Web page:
Mid-Atlantic Regional Reports

Mid-Atlantic September Garden To-Do List

'Avondale’ blue wood aster (Symphyotrichum cordifolium ‘Avondale’, Zones 3–8).
Enjoy late summer and early fall bloomers like this ‘Avondale’ blue wood aster (Symphyotrichum cordifolium ‘Avondale’, Zones 3–8). Photo: Carol Collins

It may still be hot and dry here in the Mid-Atlantic, but we are getting a little glimpse of hope when there is a cooler day now and then. Those days remind us that fall is just around the corner. With fall approaching, we can focus on some different tasks besides the monotonous jobs of watering and weeding our summer gardens.

fall container idea
Grasses make long-lasting and versatile centerpieces for fall containers. Photo: Mark Dwyer


Refresh your fall containers. Now is a great time to add fall and winter interest to your containers. Plant grasses and evergreens as the foundation for your containers, as they will last throughout winter. Add a few richly colored flowering annuals for the fall that will still have impact after the frost hits.

how to divide peonies
Dig out the entire clump of peonies, and look for natural growing points of division. Photo: Janet Macunovich

Divide peonies (Paeonia spp. and cvs., Zones 3–8). Although peonies will happily stay in the same place in the garden for decades, a great way to get more peonies is through division. Fall is the ideal time to do this. First, cut back the foliage of the plant and get rid of it, as the foliage can carry disease. After digging up the clump, check for a natural division to cut. Be sure to avoid cutting any new eyes and roots. You should be able to see the plant’s growth from the previous season and divide at that point.

Allium Summer Beauty
These faded ‘Summer Beauty’ alliums (Allium lusitanicum ‘Summer Beauty’, Zones 4–9) are displaying seedpods full of collectible seeds. Photo: Michele Christiano

Leave your perennials standing. Do not cut back those perennials just yet! By September, seeds are set and can be saved to produce more of the plants you love for your garden or for your gardener friends. You can also leave them and wait to see where new plants will end up. In addition to saving seedpods, leaving the perennials standing provides excellent habitat for insects and small animals.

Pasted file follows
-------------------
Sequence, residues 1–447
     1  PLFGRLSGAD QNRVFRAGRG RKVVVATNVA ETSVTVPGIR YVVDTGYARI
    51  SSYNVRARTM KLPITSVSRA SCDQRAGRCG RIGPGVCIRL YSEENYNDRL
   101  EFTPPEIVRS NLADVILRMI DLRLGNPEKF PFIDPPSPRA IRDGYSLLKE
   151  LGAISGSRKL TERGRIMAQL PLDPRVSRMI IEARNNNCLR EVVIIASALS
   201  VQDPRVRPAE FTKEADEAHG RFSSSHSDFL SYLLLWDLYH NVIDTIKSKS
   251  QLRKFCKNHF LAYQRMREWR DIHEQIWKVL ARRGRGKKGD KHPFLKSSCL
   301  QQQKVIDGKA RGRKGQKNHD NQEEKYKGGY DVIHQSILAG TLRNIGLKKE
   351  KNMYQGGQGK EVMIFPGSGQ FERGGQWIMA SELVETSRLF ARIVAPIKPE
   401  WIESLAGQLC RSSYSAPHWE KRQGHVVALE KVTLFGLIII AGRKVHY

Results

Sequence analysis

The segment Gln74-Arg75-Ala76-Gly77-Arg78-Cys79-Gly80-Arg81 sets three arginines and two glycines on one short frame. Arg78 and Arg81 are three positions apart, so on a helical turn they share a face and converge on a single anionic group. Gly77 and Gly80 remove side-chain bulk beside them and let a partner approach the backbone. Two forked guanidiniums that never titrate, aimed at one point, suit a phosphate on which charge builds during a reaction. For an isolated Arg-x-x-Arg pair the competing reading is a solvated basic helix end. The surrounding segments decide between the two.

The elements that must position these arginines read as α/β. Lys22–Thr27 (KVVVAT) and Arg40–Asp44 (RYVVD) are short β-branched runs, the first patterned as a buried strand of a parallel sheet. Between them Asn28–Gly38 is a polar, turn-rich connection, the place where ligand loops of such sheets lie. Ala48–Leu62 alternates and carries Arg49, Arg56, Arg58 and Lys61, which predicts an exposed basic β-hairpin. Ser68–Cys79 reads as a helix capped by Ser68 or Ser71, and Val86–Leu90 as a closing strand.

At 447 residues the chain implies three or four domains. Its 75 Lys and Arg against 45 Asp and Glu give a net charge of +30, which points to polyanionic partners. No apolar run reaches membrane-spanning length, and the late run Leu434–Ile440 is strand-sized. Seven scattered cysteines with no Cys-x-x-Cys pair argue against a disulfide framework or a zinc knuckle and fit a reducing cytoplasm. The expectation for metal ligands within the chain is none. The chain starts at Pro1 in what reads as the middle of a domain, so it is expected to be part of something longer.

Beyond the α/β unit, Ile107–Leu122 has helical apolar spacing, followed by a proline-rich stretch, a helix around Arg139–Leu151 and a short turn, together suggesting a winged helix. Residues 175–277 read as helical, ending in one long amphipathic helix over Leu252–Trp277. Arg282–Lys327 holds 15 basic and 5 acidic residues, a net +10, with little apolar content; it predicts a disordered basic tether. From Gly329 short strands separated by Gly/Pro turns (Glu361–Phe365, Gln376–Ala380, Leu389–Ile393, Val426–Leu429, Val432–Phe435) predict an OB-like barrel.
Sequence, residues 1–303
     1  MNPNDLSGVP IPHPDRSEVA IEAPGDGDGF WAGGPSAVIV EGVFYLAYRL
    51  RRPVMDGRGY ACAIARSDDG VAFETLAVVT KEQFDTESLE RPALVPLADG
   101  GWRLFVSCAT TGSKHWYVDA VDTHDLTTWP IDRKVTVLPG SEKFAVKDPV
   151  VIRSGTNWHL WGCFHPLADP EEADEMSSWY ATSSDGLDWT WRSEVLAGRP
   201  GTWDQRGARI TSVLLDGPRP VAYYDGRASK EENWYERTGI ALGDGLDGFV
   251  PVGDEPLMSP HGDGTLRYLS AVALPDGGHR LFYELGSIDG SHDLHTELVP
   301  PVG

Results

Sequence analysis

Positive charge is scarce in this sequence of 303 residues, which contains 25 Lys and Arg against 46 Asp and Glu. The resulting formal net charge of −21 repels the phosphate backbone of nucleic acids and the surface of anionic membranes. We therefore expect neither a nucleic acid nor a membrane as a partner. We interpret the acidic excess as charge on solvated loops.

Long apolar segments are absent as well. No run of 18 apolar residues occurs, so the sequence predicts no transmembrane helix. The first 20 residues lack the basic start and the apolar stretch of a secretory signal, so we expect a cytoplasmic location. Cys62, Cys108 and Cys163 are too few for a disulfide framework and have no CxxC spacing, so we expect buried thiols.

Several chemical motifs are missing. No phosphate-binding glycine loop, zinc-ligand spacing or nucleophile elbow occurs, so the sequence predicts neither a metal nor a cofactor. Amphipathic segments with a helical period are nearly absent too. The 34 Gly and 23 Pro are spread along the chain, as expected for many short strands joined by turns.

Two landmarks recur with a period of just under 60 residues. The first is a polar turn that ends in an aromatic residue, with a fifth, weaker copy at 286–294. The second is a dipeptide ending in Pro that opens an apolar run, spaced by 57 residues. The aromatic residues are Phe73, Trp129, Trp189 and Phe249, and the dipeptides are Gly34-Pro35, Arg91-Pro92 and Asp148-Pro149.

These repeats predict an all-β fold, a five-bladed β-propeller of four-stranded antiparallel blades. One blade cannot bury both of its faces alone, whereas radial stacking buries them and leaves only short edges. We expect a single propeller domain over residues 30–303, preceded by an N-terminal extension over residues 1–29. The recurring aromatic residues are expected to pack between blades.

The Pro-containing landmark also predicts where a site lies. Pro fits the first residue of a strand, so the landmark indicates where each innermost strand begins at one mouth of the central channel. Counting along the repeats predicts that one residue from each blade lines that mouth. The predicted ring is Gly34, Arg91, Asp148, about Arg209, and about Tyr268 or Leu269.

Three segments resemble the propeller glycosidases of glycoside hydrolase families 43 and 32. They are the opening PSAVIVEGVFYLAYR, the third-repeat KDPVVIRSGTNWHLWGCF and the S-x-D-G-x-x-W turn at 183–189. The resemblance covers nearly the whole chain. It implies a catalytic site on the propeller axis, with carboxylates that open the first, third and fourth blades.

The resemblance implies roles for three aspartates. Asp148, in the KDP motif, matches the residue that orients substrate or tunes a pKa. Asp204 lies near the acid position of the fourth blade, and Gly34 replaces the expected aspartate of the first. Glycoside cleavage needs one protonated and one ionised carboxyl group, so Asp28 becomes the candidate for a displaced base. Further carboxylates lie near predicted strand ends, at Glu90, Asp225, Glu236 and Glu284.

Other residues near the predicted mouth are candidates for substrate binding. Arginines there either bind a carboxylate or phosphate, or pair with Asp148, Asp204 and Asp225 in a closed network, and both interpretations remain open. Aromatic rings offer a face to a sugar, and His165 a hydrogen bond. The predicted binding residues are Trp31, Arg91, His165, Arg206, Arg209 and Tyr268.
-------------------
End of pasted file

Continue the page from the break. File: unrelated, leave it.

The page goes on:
protect plants from deer
As the months grow colder and native plants die back, more and more deer will turn to your garden to supplement their diets. Photo: Michelle Gervais

Apply deer and rabbit repellent. As the temperatures get a bit cooler, begin to apply animal repellent regularly. With the arrival of fall and winter, deer and other four-legged friends will return to the garden more frequently. Deer Scram™ is an effective organic granular product that will last for about a month and is actually enhanced by some moderate rain rather than washed away. For more on repelling deer, read on here.

propagate coleus
Taking coleus cuttings allows you to save those hard-to-find cultivars for summers to come. Photo: Paula Gross

Take cuttings from tender plants. Rather than taking tender perennial plants inside, a great space-saving way to save them for next year is to take cuttings. Plants such as coleus (Plectranthus scutellarioides and cvs., Zones 10–12), begonias (Begonia spp. and cvs., Zones 6–11), and scented geraniums (Pelargonium spp. and cvs., Zones 10–11) are easy to propagate by rooting in water or soil. Just take a small cutting, remove the lower leaves, and put it in a bud vase or baby food jar full of water. Once roots about half an inch long are visible, plant it in a small pot with quality potting mix. Rhizomatous begonias can be rooted by taking a 1-inch to 1.5-inch piece of a rhizome and planting it in potting mix or a moist mix of perlite and vermiculite.

—Michele Christiano is a horticulture assistant at Longwood Gardens in Kennett Square, Pennsylvania.


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